Liquidity. Once shares of a company are traded on a public exchange, those shares have a market value and can be resold. This allows a company to attract and retain employees by offering stock incentive packages to those employees. Moreover, it also provides investors in the company the option to trade their shares thus enhancing investor confidence.

Increased Prestige. Public companies often are better known and more visible than private companies, this enables them to obtain a larger market for their goods or services. Public companies are able to have access to larger pools of capital as well as different types of capital.

Valuation. Public trading of a company's shares sets a value for the company that is set by the public market and not through more subjective standards set by a private valuator. This is helpful for a company that is looking for a merger or acquisition. It also allows the shareholders to know the value of the shares.

Increased wealth. The founders of the company often have the sense of increased wealth as a result of the IPO. Prior to the IPO these shares were illiquid and had a more subjective price. These shares now have an ascertainable price and after any lockup period these shares may be sold to the public, subject to limitations of federal and state securities laws.


Time and Expense. Conducting an IPO is time consuming and expensive. A successful IPO can take up to a year or more to complete and a company can expect to spend several hundreds of thousands of dollars on attorneys, accountants, and printers. In addition, the underwriter's fees can range from 3% to 10% of the value of the offering. Due to the time and expense of preparation of the IPO, many companies simply cannot afford the time or spare the expense of preparing the IPO.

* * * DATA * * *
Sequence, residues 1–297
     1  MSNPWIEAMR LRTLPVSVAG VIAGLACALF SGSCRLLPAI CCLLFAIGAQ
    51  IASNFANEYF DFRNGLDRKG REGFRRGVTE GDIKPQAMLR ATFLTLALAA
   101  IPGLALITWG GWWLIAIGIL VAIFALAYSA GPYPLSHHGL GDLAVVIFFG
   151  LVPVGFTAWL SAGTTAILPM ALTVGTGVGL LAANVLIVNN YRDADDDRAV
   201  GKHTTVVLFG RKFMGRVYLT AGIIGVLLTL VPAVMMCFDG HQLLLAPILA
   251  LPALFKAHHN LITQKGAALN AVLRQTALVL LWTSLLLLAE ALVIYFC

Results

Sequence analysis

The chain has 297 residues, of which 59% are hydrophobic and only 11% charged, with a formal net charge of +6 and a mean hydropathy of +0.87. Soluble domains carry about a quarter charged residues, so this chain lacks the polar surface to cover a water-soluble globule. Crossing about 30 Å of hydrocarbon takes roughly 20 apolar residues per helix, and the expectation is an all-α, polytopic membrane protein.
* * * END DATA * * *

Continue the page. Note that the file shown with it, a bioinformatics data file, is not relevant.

Disclosure. Once a company is a reporting company it must provide information regarding compensation of senior management, transactions with parties related to the company, conflicts of interest, competitive positions, how the company intends to develop future products, material contracts, and lawsuits. In addition, once the offering statement is effective, a company will be required to make financial disclosures. Public companies are required to file quarterly statements containing unaudited financial statements and audited financial statements annually. These statements must also contain updated information regarding nonfinancial matters similar to information provided in the initial registration statement. This usually entails retaining lawyers and auditors to prepare these quarterly and annual statements. In addition, a company must report certain material events as they arise. This information is available to investors, employees, and competitors.

Decisions based upon Stock Price. Management's decisions may be effected by the market price of the shares and the feeling that they must get market recognition for the company's stock.

Regulatory Review. The Company will be open to review by ASIC to ensure that the company is making the appropriate filings with all relevant disclosures.

Falling Stock Price. If the shares of the company's stock fall, the company may lose market confidence, decreased valuation of the company may effect lines of credits, secondary offering pricing, the company's ability to maintain employees, and the personal wealth of insiders and investors.

Vulnerablility. If a large portion of the company's shares are sold to the public, the company may become a target for a takeover, causing insiders to lose control. A takeover bid may be the result of shareholders being upset with management or corporate raiders looking for an opportunity. Defending a hostile bid can be both expensive and time consuming.